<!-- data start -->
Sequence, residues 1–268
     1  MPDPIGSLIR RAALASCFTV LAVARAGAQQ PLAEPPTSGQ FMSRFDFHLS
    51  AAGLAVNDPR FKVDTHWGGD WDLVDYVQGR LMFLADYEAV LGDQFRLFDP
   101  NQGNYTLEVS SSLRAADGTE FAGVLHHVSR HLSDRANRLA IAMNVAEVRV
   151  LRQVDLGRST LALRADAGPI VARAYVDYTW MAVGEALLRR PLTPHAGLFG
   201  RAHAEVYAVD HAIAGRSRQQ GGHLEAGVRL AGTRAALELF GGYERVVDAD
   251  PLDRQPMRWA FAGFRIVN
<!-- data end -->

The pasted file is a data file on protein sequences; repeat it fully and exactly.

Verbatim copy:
Sequence, residues 1–268
     1  MPDPIGSLIR RAALASCFTV LAVARAGAQQ PLAEPPTSGQ FMSRFDFHLS
    51  AAGLAVNDPR FKVDTHWGGD WDLVDYVQGR LMFLADYEAV LGDQFRLFDP
   101  NQGNYTLEVS SSLRAADGTE FAGVLHHVSR HLSDRANRLA IAMNVAEVRV
   151  LRQVDLGRST LALRADAGPI VARAYVDYTW MAVGEALLRR PLTPHAGLFG
   201  RAHAEVYAVD HAIAGRSRQQ GGHLEAGVRL AGTRAALELF GGYERVVDAD
   251  PLDRQPMRWA FAGFRIVN